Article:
It’s why Takashinga was set up, they’ve lost their ethos though. Now people want to play there not because there’s a wizard coach, but because it doubles your chance of selection into the national side.
People thought cricket was a one off battle which had now been won and they could reap the rewards and took their foot off the pedal.
I’d love to see a spreadsheet of all the top players and how many balls they’d hit (or bowled) during their early careers. You’d find the more current Zim players would have put in a quarter of the work, or less.
I remember Hick hit an extraordinary number of balls, at Worcestershire he used to bat actual sessions on the machine in the nets, or so I’m reliably told. Most of our guys do 20 minutes in the spin net and 20 in the fast net about 3 days a week, even that’s a stretch. Finding someone to give you one hour throw-downs 5 days a week is almost impossible.
I think in a place like India there’s no shortage of quality net bowlers and throwers who will run in all day for not much. I think it was Privthi Shaw I saw as an 8-10 year old facing deliveries in his backyard and clearly the father had paid some older kids to bowl non stop at him, effectively child labour :lol:

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jaybro
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Re: PJ Moor the Next Hamilton Masakadza

Post by jaybro » Sat Oct 12, 2019 12:03 am

TapsC wrote:
Fri Oct 11, 2019 6:10 am
Will probably disappoint us multiple times like Hami too :lol:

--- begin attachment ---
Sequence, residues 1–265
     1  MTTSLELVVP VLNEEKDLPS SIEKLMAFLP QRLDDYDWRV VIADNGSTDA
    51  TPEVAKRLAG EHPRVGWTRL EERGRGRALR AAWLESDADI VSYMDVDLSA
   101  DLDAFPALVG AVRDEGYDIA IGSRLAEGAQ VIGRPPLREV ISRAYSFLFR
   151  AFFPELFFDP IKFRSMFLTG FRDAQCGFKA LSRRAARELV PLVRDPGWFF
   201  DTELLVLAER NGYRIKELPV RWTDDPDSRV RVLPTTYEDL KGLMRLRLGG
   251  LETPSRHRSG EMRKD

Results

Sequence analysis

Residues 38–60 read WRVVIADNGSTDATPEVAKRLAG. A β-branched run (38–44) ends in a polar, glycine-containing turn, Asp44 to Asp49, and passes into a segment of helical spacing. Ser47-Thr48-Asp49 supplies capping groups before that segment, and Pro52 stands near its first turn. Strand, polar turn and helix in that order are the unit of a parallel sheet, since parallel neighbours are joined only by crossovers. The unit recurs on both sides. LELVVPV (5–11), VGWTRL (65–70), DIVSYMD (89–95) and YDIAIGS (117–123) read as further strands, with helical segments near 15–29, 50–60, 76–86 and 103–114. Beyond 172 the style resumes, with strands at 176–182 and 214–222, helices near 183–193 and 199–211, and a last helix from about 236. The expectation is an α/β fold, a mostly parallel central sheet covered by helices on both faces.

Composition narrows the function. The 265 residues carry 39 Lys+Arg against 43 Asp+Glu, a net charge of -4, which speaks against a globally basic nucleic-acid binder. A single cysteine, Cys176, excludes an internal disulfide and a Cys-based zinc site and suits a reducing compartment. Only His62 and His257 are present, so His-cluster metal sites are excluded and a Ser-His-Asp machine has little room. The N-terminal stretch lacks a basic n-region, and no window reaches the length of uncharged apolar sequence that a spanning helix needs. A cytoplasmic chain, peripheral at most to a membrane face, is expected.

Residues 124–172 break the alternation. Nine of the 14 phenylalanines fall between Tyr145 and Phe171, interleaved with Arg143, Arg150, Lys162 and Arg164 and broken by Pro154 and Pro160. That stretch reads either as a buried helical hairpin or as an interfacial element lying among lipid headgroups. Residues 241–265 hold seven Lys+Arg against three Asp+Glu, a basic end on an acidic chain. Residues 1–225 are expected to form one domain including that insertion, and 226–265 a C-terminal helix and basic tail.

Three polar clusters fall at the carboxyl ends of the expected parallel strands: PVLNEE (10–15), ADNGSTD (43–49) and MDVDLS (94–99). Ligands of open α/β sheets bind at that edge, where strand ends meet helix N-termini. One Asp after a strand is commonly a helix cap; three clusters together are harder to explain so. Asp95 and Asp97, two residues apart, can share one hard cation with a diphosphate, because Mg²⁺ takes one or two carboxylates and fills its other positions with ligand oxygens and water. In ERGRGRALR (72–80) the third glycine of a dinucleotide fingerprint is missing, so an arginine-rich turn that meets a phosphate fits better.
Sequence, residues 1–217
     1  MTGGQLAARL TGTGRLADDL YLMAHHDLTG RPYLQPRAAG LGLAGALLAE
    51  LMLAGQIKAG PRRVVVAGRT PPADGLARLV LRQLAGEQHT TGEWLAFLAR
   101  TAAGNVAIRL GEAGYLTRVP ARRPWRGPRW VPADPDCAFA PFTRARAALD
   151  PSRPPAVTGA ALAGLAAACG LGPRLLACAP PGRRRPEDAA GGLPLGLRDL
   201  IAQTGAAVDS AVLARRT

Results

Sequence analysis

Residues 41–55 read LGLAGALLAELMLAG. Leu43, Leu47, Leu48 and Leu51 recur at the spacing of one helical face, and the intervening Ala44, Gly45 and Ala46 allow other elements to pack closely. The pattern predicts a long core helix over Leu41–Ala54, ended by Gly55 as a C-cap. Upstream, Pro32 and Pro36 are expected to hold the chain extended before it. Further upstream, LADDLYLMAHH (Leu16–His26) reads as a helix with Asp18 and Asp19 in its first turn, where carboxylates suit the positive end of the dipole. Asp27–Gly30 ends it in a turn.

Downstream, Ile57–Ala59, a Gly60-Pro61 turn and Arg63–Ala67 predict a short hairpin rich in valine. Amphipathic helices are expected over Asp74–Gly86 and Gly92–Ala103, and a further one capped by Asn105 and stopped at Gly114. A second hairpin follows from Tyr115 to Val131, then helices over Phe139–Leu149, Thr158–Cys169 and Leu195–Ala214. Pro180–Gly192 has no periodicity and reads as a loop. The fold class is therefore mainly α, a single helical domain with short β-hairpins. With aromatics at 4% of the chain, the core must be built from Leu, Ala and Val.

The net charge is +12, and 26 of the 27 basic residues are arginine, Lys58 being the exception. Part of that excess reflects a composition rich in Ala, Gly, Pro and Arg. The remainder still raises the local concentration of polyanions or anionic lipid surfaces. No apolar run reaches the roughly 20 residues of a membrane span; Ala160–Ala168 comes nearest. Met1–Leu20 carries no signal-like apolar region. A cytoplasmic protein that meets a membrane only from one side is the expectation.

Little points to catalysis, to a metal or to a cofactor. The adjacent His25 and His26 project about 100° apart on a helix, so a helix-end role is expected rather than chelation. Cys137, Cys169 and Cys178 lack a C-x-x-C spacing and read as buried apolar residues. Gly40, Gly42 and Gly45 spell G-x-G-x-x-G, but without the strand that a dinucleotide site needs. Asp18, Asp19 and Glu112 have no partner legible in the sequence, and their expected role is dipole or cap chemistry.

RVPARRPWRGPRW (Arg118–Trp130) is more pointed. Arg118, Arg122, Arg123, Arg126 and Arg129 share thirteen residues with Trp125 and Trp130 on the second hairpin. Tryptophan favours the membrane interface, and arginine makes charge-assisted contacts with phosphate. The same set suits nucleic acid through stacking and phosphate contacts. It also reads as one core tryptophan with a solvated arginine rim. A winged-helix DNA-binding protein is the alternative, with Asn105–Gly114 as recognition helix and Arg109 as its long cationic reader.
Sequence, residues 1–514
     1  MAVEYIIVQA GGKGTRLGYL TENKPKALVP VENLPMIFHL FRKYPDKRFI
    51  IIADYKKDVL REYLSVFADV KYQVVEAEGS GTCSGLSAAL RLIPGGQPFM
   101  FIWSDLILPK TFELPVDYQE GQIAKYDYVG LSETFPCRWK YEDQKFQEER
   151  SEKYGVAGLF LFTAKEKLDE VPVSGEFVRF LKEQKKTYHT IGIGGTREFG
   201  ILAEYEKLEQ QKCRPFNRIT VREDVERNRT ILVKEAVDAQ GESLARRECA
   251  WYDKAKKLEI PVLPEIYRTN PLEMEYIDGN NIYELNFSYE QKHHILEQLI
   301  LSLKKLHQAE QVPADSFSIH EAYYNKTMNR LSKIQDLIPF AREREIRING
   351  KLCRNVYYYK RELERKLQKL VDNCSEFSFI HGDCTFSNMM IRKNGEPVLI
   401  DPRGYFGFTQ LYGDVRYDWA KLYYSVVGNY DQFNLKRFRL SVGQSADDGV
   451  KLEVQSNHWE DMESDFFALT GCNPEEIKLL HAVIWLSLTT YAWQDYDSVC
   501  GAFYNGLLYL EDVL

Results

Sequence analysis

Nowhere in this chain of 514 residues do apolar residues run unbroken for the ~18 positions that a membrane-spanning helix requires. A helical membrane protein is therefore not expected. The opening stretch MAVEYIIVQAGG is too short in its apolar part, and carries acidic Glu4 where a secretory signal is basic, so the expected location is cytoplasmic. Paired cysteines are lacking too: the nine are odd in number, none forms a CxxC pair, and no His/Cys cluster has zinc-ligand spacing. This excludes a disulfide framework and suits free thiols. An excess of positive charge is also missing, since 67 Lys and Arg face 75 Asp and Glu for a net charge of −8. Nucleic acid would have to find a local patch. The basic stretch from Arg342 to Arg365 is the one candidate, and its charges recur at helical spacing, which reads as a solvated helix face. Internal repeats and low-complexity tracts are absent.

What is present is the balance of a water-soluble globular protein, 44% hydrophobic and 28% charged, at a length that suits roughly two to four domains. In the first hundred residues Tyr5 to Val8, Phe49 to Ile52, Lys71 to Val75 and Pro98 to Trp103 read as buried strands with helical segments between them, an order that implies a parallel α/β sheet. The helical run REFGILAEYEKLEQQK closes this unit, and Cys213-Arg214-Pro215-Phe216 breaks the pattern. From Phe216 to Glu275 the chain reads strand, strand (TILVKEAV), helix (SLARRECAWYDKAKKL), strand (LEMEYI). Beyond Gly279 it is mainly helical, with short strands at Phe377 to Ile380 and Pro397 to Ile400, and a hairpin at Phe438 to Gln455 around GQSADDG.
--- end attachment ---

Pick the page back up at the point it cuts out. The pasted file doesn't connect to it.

No doubt TaspC and I'm not claiming Moor would be a Rohit up the top, but in recent times opening has been a big issue for Zimbabwe so even if he could average around 25-30 that would be a massive boost for the side.
TapsC wrote:
Fri Oct 11, 2019 6:10 am
Opening is probably his best position because there is less time pressure and he can also clear the field with the fielders in to get his confidence up. For me much like Hami, PJ is a confidence guy. When he is in a good mental space he can be devastating but when things are not going their way they look awful.
Agreed
TapsC wrote:
Fri Oct 11, 2019 6:10 am
I would go for a left hand/right hand combination of PJ and Burl uptop with Tari at 3 to make the top order. Both openers have solid techniques and the number 3 can find gaps easily. Its time we groom the future. Young Munyonga needs to prove himself against better opposition to get a place (kind of like tari in Sri Lanka) but he should stick around in the squad. Then the middle order should have the veterans (4-BT 5-Ervine 6-Williams 7-Raza)